"We do not want to see a firefight in a hospital where innocent people, helpless people, people seeking medical care are caught in the crossfire," President Joe Biden’s national security adviser, Jake Sullivan, told ABC’s "This Week."
Muhammed Zaqout, director of hospitals in Gaza, said the Health Ministry has been unable to update the death toll since Friday as medics are unable to reach areas hit by Israeli bombardment. "The situation is extremely dire," he said. "Ambulances are unable to reach people under the rubble."
About 2.3 million Palestinians remain trapped in the besieged territory.
Netanyahu has said the responsibility for any harm to civilians lies with Hamas. Israel has long accused the group, which operates in dense residential neighborhoods, of using civilians as human shields.
EVACUATION WINDOWS, BUT NO PAUSES
Jordanian Foreign Minister Ayman Safadi said Sunday on X, formerly Twitter, that he asked European Union foreign policy chief Josep Borrell to apply the same "legal, moral grounds" for EU support of Ukraine to "define its stand on Israel’s war crimes."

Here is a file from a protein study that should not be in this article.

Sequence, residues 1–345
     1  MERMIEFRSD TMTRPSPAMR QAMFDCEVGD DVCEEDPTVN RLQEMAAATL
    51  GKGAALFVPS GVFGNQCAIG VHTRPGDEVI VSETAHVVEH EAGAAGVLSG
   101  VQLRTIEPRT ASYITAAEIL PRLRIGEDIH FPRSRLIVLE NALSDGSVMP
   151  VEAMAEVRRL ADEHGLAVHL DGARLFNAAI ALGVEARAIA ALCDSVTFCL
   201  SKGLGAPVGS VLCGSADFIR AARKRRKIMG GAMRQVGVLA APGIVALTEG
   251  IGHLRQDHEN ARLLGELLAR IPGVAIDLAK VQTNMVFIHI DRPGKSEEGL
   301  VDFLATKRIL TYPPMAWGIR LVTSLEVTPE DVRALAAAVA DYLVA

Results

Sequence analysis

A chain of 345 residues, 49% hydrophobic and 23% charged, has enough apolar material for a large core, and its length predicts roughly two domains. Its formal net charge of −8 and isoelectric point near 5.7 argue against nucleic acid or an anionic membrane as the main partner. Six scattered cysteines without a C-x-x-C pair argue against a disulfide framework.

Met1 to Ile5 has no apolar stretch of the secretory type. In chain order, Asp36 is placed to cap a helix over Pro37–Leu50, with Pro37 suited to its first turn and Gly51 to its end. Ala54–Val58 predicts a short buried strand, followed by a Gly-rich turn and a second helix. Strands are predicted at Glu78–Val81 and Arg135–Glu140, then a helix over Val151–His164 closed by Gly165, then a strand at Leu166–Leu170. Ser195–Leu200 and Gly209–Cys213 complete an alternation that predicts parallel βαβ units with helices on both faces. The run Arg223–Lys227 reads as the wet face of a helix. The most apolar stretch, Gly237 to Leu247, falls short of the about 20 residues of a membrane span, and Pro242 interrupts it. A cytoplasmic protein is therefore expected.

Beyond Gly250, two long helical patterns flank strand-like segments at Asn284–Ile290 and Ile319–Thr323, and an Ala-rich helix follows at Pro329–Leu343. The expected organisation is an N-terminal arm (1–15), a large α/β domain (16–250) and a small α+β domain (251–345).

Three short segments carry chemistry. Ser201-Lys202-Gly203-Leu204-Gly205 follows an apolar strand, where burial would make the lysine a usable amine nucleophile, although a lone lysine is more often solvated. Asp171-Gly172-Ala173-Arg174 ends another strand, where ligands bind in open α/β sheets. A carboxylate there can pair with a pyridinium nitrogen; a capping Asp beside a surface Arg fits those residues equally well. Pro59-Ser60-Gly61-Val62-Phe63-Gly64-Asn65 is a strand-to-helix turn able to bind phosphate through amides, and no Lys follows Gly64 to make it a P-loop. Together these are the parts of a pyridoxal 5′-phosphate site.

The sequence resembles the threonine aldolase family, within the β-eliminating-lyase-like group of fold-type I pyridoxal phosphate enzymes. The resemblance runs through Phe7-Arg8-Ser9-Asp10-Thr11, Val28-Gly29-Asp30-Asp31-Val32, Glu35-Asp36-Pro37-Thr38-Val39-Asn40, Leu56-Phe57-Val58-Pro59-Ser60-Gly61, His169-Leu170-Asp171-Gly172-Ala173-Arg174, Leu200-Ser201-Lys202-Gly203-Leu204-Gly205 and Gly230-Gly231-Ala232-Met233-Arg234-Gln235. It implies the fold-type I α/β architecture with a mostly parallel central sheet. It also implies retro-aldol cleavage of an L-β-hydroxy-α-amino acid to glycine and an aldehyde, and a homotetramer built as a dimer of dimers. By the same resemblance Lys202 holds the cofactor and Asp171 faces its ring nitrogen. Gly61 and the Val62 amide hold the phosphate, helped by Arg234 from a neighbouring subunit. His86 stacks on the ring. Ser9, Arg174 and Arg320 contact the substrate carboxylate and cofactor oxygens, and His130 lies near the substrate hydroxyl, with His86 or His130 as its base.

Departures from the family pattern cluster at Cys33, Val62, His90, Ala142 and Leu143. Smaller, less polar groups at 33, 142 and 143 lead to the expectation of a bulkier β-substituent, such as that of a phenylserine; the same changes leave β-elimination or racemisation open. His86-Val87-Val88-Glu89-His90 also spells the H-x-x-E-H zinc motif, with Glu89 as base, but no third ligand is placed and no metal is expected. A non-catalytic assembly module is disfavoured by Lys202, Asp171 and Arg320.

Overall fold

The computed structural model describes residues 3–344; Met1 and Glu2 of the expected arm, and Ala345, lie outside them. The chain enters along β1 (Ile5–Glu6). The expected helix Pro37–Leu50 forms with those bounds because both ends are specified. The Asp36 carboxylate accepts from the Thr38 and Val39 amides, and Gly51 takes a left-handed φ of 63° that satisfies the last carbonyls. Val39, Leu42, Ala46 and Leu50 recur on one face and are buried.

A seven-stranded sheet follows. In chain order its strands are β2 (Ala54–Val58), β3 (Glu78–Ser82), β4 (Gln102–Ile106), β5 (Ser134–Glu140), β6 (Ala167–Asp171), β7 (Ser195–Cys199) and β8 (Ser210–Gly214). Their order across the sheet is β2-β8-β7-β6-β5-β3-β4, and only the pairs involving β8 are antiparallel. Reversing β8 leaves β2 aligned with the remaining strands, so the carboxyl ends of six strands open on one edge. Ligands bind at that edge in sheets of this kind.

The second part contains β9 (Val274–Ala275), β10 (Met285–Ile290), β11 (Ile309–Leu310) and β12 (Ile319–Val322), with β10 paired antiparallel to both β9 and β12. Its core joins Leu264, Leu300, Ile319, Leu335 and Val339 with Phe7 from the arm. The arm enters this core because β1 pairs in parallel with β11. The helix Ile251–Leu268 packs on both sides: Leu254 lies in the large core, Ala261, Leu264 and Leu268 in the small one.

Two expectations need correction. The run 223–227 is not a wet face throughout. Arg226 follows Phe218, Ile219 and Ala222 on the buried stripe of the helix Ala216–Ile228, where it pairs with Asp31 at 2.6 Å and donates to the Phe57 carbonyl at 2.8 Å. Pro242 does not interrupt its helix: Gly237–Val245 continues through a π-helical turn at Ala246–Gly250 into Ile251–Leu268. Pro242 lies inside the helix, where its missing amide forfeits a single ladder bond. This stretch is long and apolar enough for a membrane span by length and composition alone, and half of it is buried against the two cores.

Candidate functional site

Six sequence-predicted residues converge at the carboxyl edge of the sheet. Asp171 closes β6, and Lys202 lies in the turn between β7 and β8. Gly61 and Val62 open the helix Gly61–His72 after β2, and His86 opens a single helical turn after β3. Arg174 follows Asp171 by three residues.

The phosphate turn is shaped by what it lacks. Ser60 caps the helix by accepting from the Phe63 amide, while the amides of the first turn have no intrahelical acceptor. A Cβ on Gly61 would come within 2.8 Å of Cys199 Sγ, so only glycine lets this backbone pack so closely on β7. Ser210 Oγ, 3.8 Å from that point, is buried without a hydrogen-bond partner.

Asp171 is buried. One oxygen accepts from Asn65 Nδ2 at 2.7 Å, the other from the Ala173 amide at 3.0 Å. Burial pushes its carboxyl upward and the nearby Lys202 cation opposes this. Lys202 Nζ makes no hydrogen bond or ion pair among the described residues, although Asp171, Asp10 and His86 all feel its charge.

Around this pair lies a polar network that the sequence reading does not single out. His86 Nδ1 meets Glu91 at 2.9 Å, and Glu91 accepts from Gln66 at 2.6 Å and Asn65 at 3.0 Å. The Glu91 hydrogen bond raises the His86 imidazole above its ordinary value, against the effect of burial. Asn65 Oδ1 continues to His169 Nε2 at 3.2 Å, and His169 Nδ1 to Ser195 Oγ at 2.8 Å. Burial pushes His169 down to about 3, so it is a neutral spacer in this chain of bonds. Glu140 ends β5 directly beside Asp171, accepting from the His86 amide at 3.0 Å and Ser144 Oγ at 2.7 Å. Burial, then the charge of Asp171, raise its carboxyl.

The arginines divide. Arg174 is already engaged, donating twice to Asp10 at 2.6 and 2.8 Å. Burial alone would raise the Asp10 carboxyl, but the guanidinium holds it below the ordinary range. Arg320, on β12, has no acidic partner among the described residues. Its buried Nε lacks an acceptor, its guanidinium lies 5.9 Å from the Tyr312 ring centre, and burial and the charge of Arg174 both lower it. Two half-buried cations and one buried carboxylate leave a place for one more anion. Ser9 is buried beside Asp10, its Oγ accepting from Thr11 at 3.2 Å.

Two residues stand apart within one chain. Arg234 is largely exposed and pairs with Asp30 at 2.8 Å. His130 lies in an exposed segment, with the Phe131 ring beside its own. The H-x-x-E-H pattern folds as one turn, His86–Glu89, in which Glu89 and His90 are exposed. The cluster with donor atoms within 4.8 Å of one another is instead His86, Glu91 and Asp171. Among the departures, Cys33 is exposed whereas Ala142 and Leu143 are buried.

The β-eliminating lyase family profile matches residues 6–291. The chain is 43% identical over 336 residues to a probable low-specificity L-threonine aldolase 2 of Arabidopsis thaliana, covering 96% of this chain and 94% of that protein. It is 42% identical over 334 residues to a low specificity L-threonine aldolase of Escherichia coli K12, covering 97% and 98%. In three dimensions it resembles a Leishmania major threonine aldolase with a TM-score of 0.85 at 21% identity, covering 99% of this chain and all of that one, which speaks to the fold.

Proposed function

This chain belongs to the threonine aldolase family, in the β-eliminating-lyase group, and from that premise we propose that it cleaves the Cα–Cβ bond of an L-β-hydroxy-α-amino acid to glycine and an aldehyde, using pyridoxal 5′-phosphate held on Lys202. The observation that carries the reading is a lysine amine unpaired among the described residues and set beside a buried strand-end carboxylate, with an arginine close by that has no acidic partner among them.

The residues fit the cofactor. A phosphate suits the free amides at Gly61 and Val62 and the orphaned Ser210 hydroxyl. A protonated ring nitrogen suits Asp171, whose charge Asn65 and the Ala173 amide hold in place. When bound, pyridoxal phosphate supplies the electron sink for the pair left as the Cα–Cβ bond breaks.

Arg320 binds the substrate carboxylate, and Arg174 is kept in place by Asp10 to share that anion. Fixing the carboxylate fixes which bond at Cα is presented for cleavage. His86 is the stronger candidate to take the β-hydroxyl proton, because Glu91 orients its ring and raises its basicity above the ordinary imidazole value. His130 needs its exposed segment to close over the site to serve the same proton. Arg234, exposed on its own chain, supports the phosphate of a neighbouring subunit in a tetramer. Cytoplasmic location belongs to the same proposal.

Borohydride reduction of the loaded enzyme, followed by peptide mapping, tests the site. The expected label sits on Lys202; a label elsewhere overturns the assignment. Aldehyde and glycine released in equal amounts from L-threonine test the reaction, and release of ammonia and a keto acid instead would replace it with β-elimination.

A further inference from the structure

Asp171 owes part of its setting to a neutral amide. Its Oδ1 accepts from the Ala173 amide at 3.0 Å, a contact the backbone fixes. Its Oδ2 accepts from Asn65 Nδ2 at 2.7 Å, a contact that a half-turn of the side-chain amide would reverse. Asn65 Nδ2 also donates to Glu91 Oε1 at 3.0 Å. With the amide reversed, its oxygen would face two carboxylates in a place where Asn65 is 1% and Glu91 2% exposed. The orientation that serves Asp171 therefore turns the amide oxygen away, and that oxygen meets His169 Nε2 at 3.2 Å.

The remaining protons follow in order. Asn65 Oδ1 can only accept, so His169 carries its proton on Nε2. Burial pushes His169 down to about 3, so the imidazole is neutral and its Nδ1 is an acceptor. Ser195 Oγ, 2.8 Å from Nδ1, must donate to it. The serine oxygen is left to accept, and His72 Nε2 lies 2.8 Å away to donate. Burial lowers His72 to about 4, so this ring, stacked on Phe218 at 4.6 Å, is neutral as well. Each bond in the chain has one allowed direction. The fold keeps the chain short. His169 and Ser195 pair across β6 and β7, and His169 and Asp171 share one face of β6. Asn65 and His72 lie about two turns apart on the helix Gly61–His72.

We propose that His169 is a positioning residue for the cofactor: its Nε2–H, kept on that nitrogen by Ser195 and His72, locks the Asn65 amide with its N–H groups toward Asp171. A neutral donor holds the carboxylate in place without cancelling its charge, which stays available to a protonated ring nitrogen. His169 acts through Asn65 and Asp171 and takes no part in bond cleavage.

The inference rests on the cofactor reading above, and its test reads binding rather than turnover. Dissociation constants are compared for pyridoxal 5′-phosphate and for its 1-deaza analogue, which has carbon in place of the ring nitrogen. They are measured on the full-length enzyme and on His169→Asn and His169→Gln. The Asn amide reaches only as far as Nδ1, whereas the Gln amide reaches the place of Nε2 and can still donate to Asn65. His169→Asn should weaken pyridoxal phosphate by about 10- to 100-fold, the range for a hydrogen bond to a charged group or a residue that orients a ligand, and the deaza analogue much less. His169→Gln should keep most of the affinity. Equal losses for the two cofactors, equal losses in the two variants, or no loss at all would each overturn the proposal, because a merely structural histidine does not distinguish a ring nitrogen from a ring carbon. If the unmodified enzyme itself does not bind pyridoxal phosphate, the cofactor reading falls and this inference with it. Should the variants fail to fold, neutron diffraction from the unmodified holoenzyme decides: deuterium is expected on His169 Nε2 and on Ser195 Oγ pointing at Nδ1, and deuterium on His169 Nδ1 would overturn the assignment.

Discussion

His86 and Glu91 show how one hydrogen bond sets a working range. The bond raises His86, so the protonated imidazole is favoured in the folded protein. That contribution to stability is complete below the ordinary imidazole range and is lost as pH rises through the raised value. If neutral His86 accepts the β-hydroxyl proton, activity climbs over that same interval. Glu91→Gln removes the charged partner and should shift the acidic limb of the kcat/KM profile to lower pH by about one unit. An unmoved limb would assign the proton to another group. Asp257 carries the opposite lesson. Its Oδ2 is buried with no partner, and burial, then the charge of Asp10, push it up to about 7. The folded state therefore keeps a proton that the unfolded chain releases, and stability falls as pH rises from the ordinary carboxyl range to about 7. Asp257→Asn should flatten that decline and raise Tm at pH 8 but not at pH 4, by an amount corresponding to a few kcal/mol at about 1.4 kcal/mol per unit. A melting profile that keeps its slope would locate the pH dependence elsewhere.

The U.S. has pushed for temporary pauses that would allow for wider distribution of badly needed aid to civilians in the besieged territory, where conditions are increasingly dire.
But Israel has only agreed to brief daily periods during which civilians can flee the area of ground combat in northern Gaza and head south on foot along two main roads. Israel continues to strike what it says are militant targets across southern Gaza, often killing women and children.
Dozens of wounded people, including children, were brought to a hospital in Khan Younis after an Israeli airstrike demolished a building in the southern town. Hospital officials said at least 13 were killed.
The war has displaced over two-thirds of Gaza's population, with most fleeing south. Egypt has allowed hundreds of foreign passport holders and medical patients to exit through its Rafah crossing, as well as the entry of a small amount of humanitarian aid.